I bet you're right, it must the CPU. With the difference in core temps, I was wondering if it could be some kind of thermal migration, internal thermal stress, or some other physical defect or anomaly inside the die itself which manifests the issue.

Curious, anyone know, are "cores" stacked on top of each other, such that core0 is closer to the heatsink and thus warmer, while core1 is closer to the socket, and thus cooler? I assume they are all fabricated on one planar, single-layer chunk of silicon, but soon 8 and 12-core versions will be coming out. Seems to me, "stacking" cores would be great to save space, but a nightmare when it comes to thermal gradients.
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a b B Homebuilt system
December 31, 2010 11:24:32 PM

Nope, they're next to each other. The temp differences you see are because core0 get's the most instructions. If there was a way to give a CPU truly 0 work, they'd all be the same temperature. My core0 usually is 2-4 degrees warmer than my others.

It's strange though that a reset fixes it, but almost certain that's your issue. Semiconductors do "break" over time, but it's varied and not very predictable.
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January 2, 2011 8:46:58 PM

This CPU has exhibited this behavior from the moment I got it. Was my first "ECS Mobo + Athlon X2 64 4000+ CPU + Supertalent 2x1GB RAM" combo purchase, and they installed the CPU and cooler (didn't give an option not to.) Think I even put in the comments that I wanted to do it, but it came installed, so perhaps the damage occurred then. Of course it was so obscure of an issue, I assumed it was drivers or something until way after the return period expired.

Another artifact manifested itself today, something new... tried to start WoW in it's normal 1024x768 fullscreen mode (was working previously), and now it's a 1024x768 screen in a letterboxed 1280x1024 desktop resolution. (For some reason, it is refusing to switch video modes into 1024x768, so just displays that size in the center of the screen.) Tried auto and manual-configuring the LCD monitor, assuming it "lost" the screen dimensions or something, but it insists the display is 1280x1024. Soft, hard, power-down no effect, repeatable. /sigh

Working on getting a new (correct) CPU and selling the (wrong) one. Will update more then. Thanks for following. :) 
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a b B Homebuilt system
January 2, 2011 8:50:43 PM

Lol. This is so bizarre and nonsensical it's becoming comical. Let us know what you find out :) 
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January 14, 2011 1:42:34 PM

Update... Bought a Phenom II x4 945 (95W TDP, 3GHz, biggest CPU this board supports) and installed it... and am experiencing repeatable freezing issues. Both underclocking and over-volting the CPU/Chipset/HT/RAM seem to have zero effect on hard freezes...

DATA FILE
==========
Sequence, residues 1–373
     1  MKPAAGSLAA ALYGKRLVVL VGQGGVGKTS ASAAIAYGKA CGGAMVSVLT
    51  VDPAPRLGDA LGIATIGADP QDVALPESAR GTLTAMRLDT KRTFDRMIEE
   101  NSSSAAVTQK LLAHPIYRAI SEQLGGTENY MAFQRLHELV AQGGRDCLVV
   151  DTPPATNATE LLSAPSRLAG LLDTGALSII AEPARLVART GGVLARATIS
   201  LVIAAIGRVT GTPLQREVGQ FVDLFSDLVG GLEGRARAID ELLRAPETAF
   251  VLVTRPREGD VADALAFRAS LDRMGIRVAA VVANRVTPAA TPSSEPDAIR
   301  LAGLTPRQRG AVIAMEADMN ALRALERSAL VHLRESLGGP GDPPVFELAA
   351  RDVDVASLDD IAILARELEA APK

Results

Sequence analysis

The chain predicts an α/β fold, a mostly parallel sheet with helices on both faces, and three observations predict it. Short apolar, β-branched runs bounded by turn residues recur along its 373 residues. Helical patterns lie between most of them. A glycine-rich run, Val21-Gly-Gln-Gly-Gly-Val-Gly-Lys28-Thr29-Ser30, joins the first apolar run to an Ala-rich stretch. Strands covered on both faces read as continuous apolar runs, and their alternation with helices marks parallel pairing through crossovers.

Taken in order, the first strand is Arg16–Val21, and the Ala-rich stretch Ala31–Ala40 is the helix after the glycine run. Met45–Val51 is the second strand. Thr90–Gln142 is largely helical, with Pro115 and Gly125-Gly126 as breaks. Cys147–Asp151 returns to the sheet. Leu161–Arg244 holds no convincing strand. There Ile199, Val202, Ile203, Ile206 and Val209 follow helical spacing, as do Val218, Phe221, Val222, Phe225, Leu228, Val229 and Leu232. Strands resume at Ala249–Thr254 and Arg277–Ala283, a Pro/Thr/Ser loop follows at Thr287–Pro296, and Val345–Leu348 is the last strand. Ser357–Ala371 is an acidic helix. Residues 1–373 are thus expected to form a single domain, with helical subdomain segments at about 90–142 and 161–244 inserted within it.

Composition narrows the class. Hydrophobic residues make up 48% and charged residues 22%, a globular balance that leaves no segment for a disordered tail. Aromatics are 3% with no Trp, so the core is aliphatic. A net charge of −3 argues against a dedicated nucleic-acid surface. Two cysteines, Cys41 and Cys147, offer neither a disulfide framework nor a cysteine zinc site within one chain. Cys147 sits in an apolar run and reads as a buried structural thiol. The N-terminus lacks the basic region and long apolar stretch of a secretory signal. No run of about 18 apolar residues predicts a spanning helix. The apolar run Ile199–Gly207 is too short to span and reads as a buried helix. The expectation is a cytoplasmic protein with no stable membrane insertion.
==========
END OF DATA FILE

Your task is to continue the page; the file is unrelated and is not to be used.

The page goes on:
Since the CPU jumped from a 65W to a 95W but the cooler remained the same, I had to bump up the fan settings to bring down the temps from 45-60°C to 30-50°C. (Only hit 60°C for a few seconds.) CPU is rated for 71°C. Using the latest BIOS.

Often it will freeze right after entering the Windows user password. If lucky enough to get to the desktop, it seems to work alright, but refuses to run any games. Once I was able to get Vindictus to run for about 5 minutes, by underclocking from 3GHz to 2GHz. Even then, the same "stuttering" effect was briefly seen in the game before it froze.

I'm thinking not enough power. Thought about load balancing; PSU has two 6-pin graphics power cords (for SLI), so I shut down and swapped which one was going to the GPU, reboot, no change. PSU purports "One +12V rail." Now wondering if there is any way I can run a second supply for the GPU, RAID, floppy, and DVD drive temporarily, just to try and see if this helps.

According to http://www.coolermaster.outervision.com/PSUEngine I need at least a 361W supply for my config, although this seems artificially low. Also, they don't seem to offer the iGreen 600W (700W max) PSU any longer, and finding their page on it was difficult: http://www.coolermaster.com/product.php?product_id=39

It gets good reviews, can't dig up much dirt on it:
http://www.viperlair.com/reviews/cases/coolermaster/psu...

But could it still be power if both underclocking and/or over-volting didn't help? (I mean, underclocking to 1GHz and it runs at 25°C, so is drawing very litlle power, and it still freezes?)

See, this system is cursed I tell ya!

3GHz, over-volted 0.1v:


3GHz, regular voltage:
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a b B Homebuilt system
January 14, 2011 5:30:12 PM

Is your psu suppling (Minimum recommended power supply with +12 Volt current rating of 22 Amp Amps.) for the video card? I see the igreen power you're looking at only has 16A on the biggest rail. The review your link takes me to says - "The iGreen Power also has triple +12v rails (peaks of 16A, 14A and 8A respectively). Additional rails will aid in keeping a system stable as you can separate devices based on power consumption into the rails of your choosing. This is extremely important these days with water cooling, and multiple video card setups." So I'm wondering if your current psu is supplying enough juice to the video card. I know I mentioned this in my first post as an item of suspect and reading back through he posts I don't see if you checked that or not. Are you using the CoolerMaster Real Power Pro 650W? Cause I found this on that unit -

AC INPUT - 115/230V ~ 10/5A 60/50Hz

DC OUTPUT - - - - - - +3.3V - - -/ - - +5V - - - /- - +12V - - - - +12V- - - - +12V - - -/ - - -12V - - - - - - +5V

MAX LOAD (A) - - - - - -25 - - - -/ - - -25- - - - /- - - 19- - - - - - 19- - - - - - 19 - - - /- - - - 0.8 - - - - - - 3.5

MAX POWER - - - - - - -- - - -191W - - - - - - -/ - - - - - - - - - - 540W- - -- - - - - - - / - - - 9.6W - - / - -17.5W

- - - - - - - - - - - - - - - - - - - - - - - - - -- - - - - - - - - - - - - - 650W

HERE'S A LINK incase it's gets screwed up when it posts. Just scroll down to almost the bottom of the page.

I'm not sure if it means anything but this also looks like it doesn't supply enough Amps to the video card. I know it's has pcie 6 pin card connections on it but they don't seem to be supplying enough power.

Something like THIS or THIS And THIS ONE this is a good one. Just to give you an idea.